Czech Prime Minister Petr Nečas has pledged to reduce the amount of meth tolerated by the authorities. Czech police say that it's currently the most dangerous substance in the country. The number of long-term users soared by one-third between 2008 and 2011. Since liberalization, the Czech drug market has become so popular worldwide that the authors of the acclaimed US TV series "Breaking Bad" decided to place some of the action here. In the new season, Walter White, the central character in the series, decides to send some of his blue crystals to the Czech Republic and makes so much money that he can hardly believe it.
In addition to meth, in the discos on Prague's Wenzel's Square and in the bars of the artists' district Zikov, just about everything is available that stimulates the brain, enhances alertness, stirs the libido, causes addiction, takes the edge off, numbs the senses and kneads the consciousness like dough. There is cocaine, ecstasy, LSD, heroin, ketamine, a range of hallucinogenic mushrooms, loads of grass and hashish, and, above all, amphetamines in every imaginable form, mix and concentration. "You can get everything here," says Michal.
The European drug monitoring center EMCDDA estimates that nearly 20 metric tons of cannabis are smoked in the Czech Republic every year, 5 million ecstasy pills are swallowed, 1 million LSD trips taken and five metric tons of crystal meth vaporized. In bars, five minutes don't pass before someone whispers: "Hey! You wanna buy something?" Prague has also surpassed the West when it comes to drug logistics.
The liberal drug policy has benefited consumers and the state, which no longer has to devote a great deal of time and energy to pursuing every minor infraction. But the new policy has not made genuine progress in the fight against the illegal production of drugs.
The Higher You Get, the Harder You Fall
Marek, the dealer, rolls himself a fifth joint after completing two three-hour city sightseeing tours. He is sitting in the backroom of a bar and seems all wound up. His absolute favorite drug is coke, he says. Between his legs lies a backpack that he always carries with him. It contains a Tupperware container filled with weed and a precision scale.
Next to Marek sits another "friend," René from Brazil. René has been living in Prague for 12 years. First, he fell in love with a Czech woman, then with methamphetamine. "The Czech meth is the best on the planet," says René, "I know that because I've tried meth from California. But the Czech stuff is better."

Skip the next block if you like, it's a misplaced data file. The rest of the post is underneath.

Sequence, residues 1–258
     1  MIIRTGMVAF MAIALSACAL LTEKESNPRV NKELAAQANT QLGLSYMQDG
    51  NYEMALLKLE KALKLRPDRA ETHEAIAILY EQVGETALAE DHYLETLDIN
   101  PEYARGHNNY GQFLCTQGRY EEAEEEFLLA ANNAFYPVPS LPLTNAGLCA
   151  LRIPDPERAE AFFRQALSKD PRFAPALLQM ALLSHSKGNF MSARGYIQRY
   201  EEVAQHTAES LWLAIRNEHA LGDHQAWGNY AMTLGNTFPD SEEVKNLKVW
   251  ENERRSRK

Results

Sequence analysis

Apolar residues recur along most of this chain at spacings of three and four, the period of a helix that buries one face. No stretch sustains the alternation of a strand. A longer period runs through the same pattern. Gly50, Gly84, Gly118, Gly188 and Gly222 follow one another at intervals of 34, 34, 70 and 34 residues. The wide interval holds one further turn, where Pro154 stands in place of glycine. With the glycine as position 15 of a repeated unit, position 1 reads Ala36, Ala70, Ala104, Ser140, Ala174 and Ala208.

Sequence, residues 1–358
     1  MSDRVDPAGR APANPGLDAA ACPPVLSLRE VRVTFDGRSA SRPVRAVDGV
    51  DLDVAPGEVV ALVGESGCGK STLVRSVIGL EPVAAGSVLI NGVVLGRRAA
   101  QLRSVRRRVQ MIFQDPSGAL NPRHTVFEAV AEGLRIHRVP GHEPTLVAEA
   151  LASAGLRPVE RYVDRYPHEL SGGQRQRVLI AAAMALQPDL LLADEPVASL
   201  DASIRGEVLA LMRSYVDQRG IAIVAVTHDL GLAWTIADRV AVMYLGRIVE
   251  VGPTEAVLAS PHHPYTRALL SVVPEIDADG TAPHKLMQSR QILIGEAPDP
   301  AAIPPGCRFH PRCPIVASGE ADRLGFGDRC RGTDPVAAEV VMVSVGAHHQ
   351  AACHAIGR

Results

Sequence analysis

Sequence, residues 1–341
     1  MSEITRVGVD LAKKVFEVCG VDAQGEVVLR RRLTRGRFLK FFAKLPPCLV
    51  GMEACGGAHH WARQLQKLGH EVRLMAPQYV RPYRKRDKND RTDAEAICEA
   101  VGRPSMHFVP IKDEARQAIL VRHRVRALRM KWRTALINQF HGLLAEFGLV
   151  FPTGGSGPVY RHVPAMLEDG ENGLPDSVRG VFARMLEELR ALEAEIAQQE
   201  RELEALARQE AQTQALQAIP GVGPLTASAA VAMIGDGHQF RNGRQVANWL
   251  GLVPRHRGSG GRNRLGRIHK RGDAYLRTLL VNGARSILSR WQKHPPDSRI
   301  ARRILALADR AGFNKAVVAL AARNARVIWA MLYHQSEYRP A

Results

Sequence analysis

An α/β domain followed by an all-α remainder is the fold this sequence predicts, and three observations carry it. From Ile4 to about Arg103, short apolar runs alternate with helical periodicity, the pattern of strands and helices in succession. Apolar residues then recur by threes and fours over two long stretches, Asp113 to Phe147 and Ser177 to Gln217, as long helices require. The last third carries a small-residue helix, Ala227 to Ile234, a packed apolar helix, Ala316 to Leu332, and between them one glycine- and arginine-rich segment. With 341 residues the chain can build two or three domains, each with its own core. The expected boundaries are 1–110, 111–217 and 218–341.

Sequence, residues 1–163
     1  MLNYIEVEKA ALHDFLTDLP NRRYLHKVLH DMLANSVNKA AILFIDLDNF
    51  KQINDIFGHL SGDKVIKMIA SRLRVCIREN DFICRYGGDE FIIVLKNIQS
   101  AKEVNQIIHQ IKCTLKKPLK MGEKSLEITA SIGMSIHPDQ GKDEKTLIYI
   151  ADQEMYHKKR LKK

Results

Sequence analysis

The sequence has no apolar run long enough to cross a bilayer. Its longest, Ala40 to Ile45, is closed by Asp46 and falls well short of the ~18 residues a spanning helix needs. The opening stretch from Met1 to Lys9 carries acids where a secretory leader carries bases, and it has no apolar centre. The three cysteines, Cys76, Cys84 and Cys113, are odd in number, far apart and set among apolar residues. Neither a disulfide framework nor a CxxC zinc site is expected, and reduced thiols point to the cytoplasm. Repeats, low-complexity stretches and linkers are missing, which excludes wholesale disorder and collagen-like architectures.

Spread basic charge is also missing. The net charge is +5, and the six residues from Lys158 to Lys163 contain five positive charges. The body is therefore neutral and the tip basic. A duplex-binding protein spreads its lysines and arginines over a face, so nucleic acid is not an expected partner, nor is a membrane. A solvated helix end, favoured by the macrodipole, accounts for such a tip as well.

He asks Marek if he wants to drink a schnapps with him. Marek blinks through the blue cloud of smoke from his joint and shouts: "Are you crazy? I still have to do some driving!"
Unable to get a grip on his money problems, Marek started playing online poker. When he plays, he's on coke. That doesn't necessarily help him save money. The street price for a gram of coke in Prague is 100. It consists of roughly 20 percent cocaine and, at best, the rest is lidocaine, a local anesthetic, or levamisole, a medication used to treat parasite worm infections.
While René raves about Czech crystals, the joint helps Marek gradually unwind. It's Sunday evening, and the weekend is over. Marek has survived yet another drug binge. During a recent raid, the police arrested two of his friends who were dealing ecstasy and meth. They are now awaiting trial. But he's not afraid of the police, Marek claims. "If they arrested me, they would also have to arrest half a million people in Prague who are doing the same thing," he quips. Still, he is looking for an opportunity to establish a more solid business, like his brother's.
This life of drugs, this self-destruction, will have to end someday -- even Marek knows that. It's the golden law of the night: The more intense the rush, the more destructive the drug. Many of Marek's and Michal's former "friends" are stumbling around Prague today as drug zombies. Some of them have died from drug abuse.
Michal hopes that Marek will manage to put this chapter behind him, but it currently doesn't look like he's about to stop dealing dope. Michal hopes that the Czech government will someday allow coffee shops. It would be a welcome legalization program for his brother, the dealer. Michal says he wouldn't be surprised if Marek then became the entrepreneur who opens Prague's first coffee shop.
Translated from the German by Paul Cohen
- Part 1: The Losers of Prague's Drug Liberalization
- Part 2: Profits and Risks